Wednesday, March 23, 2011

Out of hibernation

Whoa! I haven't posted here since November. That would suggest a winter hibernation, and that's kinda what happened. During the busyness of the holidays, I was dealing with a cold, then 2 days after Christmas, I got a nasty stomach bug, followed promptly by the flu which it took me almost all of January to really get over. And then I sort of just forgot about this blog.

But I've still been consuming media products and I hope to get back in the swing of things this spring. First, let me get out of the way a bunch of movies I saw between December and now, at least the movies I can dismiss in just a few words, or just a "thumbs-up/thumbs-down" manner:

I'm Still Here, the Joaquin Phoenix mockumentary/hoax: Though I was prepared to hate this one as a product of an over-privileged celebrity, I enjoyed it. It's not exactly fun, but it's not painful and it's even a little thought-provoking at times. Phoenix does a nice job playing an asshole (that's meant as a compliment, I think). Pictured are Casey Affleck, who directed, Sean Combs, who contributed a nice cameo, and Phoenix.

Inception: Hated it. Interesting plot germ (fiddling with people's dreams), executed in a silly, heavy-handed fashion.

Devil: Handful of people in a stuck elevator, and one of them is a demon. OK, though I have since forgotten how it all came out.

Dinner for Schmucks: The dinner party scene is fun, the rest is painful, despite Paul Rudd and Steve Carrell.

Zombieland: Zombie apocalypse comedy; OK, with Woody Harrelson very good, and Bill Murray in a cameo that is almost worth sitting through the whole movie for.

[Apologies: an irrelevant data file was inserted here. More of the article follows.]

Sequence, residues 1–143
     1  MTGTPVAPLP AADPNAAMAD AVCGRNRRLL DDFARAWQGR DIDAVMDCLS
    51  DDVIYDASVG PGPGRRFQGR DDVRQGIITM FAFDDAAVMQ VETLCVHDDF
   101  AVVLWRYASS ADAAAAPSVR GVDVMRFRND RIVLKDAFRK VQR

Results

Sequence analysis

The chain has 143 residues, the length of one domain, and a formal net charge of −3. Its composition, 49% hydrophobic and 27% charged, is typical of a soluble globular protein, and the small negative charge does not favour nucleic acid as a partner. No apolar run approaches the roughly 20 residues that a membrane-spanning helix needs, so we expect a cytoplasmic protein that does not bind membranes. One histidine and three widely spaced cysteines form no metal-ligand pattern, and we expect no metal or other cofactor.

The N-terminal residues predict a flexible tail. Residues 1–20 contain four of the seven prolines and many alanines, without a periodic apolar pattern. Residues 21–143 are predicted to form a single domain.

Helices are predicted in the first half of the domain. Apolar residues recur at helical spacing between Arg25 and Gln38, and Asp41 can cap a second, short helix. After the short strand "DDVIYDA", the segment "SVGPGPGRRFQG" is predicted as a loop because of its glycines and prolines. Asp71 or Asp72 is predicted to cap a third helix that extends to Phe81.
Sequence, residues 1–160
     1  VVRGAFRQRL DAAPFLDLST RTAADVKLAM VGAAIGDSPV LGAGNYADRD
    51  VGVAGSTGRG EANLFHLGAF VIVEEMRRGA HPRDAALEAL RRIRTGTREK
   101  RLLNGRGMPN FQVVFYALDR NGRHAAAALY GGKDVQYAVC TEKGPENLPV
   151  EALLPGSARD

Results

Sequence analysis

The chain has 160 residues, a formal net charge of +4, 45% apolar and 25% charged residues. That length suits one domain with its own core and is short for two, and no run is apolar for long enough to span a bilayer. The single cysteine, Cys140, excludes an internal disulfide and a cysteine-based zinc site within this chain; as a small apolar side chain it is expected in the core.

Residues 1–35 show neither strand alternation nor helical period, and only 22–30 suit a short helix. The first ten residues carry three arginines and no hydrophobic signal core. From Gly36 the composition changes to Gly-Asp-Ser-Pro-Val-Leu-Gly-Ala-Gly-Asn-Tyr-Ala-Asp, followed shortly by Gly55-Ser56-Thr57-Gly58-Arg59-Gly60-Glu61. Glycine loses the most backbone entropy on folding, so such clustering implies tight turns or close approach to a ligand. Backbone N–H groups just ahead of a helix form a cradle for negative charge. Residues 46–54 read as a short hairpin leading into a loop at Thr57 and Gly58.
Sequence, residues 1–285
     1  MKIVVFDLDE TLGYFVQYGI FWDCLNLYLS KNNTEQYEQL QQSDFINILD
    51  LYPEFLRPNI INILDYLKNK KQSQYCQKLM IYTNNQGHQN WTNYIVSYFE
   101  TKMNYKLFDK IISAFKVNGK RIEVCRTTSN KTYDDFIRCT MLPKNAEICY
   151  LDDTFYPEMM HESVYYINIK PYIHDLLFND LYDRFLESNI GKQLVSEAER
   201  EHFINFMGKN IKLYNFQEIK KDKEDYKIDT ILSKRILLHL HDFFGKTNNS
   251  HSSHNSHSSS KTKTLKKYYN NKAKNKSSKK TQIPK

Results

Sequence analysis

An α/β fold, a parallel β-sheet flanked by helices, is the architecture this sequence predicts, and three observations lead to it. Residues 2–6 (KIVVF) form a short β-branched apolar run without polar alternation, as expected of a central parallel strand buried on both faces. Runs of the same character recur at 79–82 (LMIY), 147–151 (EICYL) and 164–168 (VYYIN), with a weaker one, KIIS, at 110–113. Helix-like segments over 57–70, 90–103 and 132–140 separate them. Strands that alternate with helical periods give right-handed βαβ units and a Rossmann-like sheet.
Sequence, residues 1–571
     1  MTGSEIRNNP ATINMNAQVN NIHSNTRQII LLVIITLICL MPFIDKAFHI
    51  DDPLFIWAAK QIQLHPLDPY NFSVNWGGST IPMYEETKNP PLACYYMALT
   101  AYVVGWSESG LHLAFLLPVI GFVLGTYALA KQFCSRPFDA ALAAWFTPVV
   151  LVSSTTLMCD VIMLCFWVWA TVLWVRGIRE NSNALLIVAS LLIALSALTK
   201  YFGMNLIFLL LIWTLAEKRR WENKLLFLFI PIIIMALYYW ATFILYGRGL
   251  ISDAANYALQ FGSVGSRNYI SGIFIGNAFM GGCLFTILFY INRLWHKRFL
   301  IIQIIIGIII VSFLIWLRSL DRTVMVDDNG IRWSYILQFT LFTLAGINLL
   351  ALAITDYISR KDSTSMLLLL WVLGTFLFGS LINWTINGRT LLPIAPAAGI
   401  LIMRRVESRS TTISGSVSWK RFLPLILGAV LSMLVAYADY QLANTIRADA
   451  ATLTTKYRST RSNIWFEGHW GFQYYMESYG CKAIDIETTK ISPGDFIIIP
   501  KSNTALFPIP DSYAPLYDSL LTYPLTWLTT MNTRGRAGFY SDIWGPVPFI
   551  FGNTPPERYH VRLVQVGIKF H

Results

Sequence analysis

Red: Thumbs down. Even Helen Mirren can't save everything.

Never Let Me Go: Clone romance drama; good acting especially from Carey Mulligan who is shaping up to be a fine actress. One problem: why don't the clones ever think of rebelling?

The Kids Are Alright: They get over the same-sex family thing quickly, and it becomes a fairly typical family melodrama about fidelity and weariness and interlopers. The script could have used some sharpening, but the acting all around was fine.

The Social Network: Loved it. Great story (not really about Facebook, but about people and relationships), solid acting (though between this and Zombieland, Jesse Eisenberg may be a bit of a one-noter), sharp dialogue, wonderful camerawork, and a great score that didn't exactly draw undue attention to itself, but excitingly propelled the movie forward. I haven't seen The King's Speech yet, but I was really pulling for this one to win the Oscar. Pictured are the handsomest men in the movie, Armie Hammer and Max Minghella